I was fifteen and looked forward to Fridays, as it meant a trip to the beach. Every week during the summer, our youth group put on an impromptu performance of songs and skits on the boardwalk to share the message of God’s love with those passing by.
One Friday we received a large donation of bread and pastries from a local bakery. “Let’s take it to the beach,” someone suggested. When we arrived and announced free loaves and pastries, a small crowd of needy and worn-looking people descended on our group. Most gratefully took what was offered, although two grumbled that their favorite variety of bread wasn’t amongst those offered. They refused what we had available to give, and walked off empty-handed, still grumbling.
Later, a young woman approached. She was pushing a double stroller, filled with not only two children, but what looked to be all her earthly possessions. “I heard you were giving away bread.” Her voice sounded almost desperate, like her life might have been. A wide-eyed toddler watched silently from his carriage while a baby slept fitfully. Their clothes looked fairly new, but the things packed into every spare inch of the stroller suggested that the woman had no place to stay.
I gathered the remaining food into a bag—some muffins, a couple of loaves—and gave it to her. She didn’t even look to see what was inside but thanked me profusely.
One of my friends began a conversation with the young mother. I turned to pack up but heard enough of it to understand that he gave her the location of a woman’s shelter and money to get there. I was glad she had come to us, glad she was able to get a bit of help, a bit of hope. I also thought of the two who had left with nothing.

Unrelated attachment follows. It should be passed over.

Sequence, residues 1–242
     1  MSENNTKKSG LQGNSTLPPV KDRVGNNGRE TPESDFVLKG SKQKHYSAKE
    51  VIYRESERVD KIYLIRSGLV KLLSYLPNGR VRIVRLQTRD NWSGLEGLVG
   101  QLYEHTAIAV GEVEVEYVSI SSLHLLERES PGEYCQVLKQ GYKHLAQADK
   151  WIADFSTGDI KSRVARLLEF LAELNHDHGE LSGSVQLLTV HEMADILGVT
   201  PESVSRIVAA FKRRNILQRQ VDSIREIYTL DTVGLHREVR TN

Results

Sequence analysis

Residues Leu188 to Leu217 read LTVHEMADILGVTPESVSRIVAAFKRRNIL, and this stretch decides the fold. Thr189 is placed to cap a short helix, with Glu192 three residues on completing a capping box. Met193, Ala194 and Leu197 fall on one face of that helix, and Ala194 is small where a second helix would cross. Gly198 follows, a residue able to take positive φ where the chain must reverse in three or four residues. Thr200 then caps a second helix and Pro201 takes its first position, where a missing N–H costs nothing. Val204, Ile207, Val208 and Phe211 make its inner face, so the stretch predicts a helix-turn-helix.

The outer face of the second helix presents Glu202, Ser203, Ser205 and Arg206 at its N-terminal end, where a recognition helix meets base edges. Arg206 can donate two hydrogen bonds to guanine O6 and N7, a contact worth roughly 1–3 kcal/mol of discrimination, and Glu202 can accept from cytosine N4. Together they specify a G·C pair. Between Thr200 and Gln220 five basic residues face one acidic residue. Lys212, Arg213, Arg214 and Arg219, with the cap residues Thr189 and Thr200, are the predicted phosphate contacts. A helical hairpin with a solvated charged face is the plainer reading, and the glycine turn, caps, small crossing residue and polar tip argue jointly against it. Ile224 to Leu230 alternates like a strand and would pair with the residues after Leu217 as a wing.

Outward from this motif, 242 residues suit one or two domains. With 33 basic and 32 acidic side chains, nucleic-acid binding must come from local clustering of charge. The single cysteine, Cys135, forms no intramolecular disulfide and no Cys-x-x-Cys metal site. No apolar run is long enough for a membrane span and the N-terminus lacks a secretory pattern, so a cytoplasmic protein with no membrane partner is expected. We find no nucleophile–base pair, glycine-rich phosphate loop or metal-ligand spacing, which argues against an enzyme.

The bread of heaven is given freely to all who seek. The times I remain unsatisfied are the times I do not let it enter my heart and fill my soul.
I saw more clearly than ever, that the first great and primary business to which I ought to attend every day was to have my soul happy in the Lord. The first thing to be concerned about was not how I might serve the Lord, how I might glorify the Lord, but how I might get my soul into a happy state, and how my inner man may be nourished. I saw that the most important thing I had to do was to give myself to the reading of the Word of God and to meditation of it.—George Müller (1805–1898)